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  • A wide network of non-governmental organizations (NGOs) is active in the promotion of boycott, divestments, and sanctions (BDS) campaigns against Israel under the guise of Corporate Social Responsibility (CSR). These organizations actively lobby trade unions, pension funds, businesses, and local government institutions to endorse BDS policies.
  • Powerful promoters of BDS in the Netherlands include United Civilians for Peace (UCP), a platform established by the Dutch NGOs ICCO, Oxfam Novib,  Pax Christi, and Cordaid; The Right’s Forum, an organization comprised of influential individuals with connections to various biased and politicized NGOs; and ABVAKABO FNV, a Dutch trade union.
  • BDS campaigns include pressuring Dutch water company Vitens to end cooperation with Israeli water company Mekorot, PGGM/PFZW pension fund to divest from Israeli banks, and Royal Haskoning to end involvement in the construction of a Jerusalem sewage treatment plant.
  • Although the Dutch government officially opposes BDS, it champions a “discouragement policy” on economic activities related to settlements. This policy has enabled NGOs to exploit false, distorted factual and legal claims in order to intimidate Dutch companies doing business in Israel. The Dutch government also funds Israeli and Palestinian NGOs that promote BDS.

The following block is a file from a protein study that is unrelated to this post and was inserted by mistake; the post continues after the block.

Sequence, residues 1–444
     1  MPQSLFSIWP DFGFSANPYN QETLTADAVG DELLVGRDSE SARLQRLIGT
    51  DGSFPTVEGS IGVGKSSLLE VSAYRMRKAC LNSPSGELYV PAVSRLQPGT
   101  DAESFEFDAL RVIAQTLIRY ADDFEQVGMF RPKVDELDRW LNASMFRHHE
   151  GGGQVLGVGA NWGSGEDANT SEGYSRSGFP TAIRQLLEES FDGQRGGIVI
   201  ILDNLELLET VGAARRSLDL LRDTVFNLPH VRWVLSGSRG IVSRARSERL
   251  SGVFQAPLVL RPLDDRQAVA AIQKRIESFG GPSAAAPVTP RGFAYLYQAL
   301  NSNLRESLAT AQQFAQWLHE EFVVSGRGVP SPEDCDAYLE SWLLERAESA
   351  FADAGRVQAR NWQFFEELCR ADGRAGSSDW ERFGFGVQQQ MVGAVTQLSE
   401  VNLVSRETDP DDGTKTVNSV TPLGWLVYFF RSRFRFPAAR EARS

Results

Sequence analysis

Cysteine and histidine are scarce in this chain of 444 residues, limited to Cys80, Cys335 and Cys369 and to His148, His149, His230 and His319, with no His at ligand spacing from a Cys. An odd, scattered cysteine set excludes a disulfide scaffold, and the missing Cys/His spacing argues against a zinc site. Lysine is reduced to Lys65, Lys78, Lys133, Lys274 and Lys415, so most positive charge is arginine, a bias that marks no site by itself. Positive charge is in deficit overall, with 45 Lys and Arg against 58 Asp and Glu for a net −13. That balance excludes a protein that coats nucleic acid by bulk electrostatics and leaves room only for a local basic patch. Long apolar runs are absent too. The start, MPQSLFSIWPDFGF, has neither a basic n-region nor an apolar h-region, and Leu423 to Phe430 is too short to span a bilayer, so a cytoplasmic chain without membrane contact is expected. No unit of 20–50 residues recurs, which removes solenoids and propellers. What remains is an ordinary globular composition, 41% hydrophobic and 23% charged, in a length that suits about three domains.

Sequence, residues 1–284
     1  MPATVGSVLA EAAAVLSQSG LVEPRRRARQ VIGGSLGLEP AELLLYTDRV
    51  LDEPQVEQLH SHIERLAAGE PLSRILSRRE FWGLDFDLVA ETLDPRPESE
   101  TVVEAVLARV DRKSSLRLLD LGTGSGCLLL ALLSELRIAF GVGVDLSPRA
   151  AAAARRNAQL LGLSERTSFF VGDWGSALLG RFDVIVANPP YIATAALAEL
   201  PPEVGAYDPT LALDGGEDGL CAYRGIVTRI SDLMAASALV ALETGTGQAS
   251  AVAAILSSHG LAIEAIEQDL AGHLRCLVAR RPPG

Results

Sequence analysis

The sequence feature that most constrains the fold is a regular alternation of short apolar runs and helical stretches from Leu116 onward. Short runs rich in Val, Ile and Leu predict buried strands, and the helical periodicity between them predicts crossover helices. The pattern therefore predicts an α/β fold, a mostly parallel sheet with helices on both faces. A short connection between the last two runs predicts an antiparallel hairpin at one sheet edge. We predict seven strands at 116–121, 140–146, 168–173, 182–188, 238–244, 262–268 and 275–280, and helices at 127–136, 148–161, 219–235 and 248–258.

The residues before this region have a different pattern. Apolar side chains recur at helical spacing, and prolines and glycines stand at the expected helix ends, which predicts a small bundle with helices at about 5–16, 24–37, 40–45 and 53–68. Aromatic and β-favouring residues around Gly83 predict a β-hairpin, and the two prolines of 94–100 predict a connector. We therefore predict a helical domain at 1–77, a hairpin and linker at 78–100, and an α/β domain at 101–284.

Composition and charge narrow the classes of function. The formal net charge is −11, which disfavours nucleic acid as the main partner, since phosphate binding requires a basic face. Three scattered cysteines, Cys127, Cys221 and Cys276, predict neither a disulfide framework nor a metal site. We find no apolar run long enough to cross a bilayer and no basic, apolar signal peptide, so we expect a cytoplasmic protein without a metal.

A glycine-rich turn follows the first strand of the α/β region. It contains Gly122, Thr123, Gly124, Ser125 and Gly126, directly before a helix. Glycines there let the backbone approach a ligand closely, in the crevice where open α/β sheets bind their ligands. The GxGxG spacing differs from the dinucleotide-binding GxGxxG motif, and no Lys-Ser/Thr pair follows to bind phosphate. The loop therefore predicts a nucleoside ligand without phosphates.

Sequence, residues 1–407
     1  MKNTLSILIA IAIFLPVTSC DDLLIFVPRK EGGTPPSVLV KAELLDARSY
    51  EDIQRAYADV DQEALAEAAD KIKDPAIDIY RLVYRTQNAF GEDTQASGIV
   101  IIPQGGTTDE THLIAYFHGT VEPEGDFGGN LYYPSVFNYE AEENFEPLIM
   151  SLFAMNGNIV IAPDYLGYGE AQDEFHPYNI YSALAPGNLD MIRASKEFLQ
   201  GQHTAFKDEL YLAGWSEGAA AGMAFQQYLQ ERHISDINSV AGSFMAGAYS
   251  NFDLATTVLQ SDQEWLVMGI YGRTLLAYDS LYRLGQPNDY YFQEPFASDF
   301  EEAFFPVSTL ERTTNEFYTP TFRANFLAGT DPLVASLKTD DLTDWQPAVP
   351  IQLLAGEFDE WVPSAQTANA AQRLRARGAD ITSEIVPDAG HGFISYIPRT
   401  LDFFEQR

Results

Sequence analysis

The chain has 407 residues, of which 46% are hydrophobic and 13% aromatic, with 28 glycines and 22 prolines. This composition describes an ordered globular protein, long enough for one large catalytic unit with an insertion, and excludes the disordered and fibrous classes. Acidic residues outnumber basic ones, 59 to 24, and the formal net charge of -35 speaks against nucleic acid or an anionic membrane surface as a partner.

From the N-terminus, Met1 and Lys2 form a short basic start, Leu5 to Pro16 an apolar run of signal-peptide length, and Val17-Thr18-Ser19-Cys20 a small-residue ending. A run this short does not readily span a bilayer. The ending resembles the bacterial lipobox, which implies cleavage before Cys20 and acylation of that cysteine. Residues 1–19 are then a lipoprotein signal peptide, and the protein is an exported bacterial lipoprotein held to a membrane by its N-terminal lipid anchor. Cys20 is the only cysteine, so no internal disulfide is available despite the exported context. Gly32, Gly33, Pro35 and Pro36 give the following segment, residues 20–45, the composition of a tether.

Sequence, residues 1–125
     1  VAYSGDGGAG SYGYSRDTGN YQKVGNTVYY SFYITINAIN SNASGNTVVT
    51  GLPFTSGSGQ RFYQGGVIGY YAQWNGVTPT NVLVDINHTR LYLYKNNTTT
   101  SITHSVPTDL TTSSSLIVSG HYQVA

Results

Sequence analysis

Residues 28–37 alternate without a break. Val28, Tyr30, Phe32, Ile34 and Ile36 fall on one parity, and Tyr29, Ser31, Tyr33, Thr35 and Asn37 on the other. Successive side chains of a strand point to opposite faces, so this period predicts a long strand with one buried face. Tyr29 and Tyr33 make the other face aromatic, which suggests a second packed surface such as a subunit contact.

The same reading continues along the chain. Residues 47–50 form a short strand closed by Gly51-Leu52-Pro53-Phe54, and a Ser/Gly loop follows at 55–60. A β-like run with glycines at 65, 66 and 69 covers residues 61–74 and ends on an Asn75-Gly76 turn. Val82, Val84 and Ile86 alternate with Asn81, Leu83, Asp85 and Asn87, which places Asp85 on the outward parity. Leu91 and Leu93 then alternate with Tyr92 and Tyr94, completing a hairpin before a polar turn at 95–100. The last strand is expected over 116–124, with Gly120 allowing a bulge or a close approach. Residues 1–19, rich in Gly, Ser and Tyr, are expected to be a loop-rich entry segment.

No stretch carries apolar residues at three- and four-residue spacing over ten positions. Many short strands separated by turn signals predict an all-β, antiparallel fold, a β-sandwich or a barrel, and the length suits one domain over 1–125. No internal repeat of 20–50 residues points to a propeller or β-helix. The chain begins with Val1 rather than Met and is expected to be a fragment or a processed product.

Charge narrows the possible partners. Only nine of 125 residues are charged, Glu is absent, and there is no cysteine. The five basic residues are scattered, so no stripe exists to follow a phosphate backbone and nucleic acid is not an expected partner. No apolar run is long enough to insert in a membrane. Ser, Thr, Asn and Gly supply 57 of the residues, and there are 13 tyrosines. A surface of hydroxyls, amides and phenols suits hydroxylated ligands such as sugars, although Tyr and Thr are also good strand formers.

BDS actors in the Netherlands

Dutch NGOs

  • United Civilians for Peace (UCP) is a platform established by the Dutch NGOs ICCO, Oxfam Novib, IKV Pax Christi, and Cordaid. UCP is active in promoting BDS in the Netherlands, including pressuring Vitens’ to terminate its cooperation with Mekorot (see below).
  • ICCO is a Dutch church-based organization that claims to be an “independent civil society organizations that do[es] not hold on to any political party or political movement.” In reality, ICCO supports politically motivated BDS initiatives as a supposedly “peaceful and legal way of trying to end [the Israeli occupation of Palestinian territories].”
    • In 2012, ICCO received €82 million from the Dutch government, 84% of its budget for that year.
    • ICCO has funded Electronic Intifada, an online media platform that promotes BDS through articles and commentary, as well as Who Profits, which provides a database of targets for BDS activists.
  • Oxfam Novib promotes an anti-Israel narrative in the Netherlands, and has “taken the lead in campaigning on Palestinian issues” within the Oxfam International network. Novib (Netherlands Organisation for International Assistance) was founded in 1956 and became affiliated with Oxfam International in 1994.
  • IKV Pax Christi is the Dutch branch of Pax Christi, a “global Catholic peace movement.” IKV Pax Christi has been a major actor in BDS campaigns. It joined a coalition of 22 NGOs to help produce “Trading Away Peace: How Europe Helps Sustain Illegal Israeli Settlements” (October 2012), a publication that calls on EU and individual European governments to wage political warfare through various forms of economic sanctions on Israel.
  • Cordaid (The Catholic Organization for Relief and Development Aid) is another NGO involved in “Trading Away Peace.”  During a 2011 panel at the Dutch parliament, Cordaid’s Director René Grotenhuis argued that BDS is a defensible tactic because “it is important that people in Palestine look for ways to resist occupation, and it is a nonviolent way to do so.”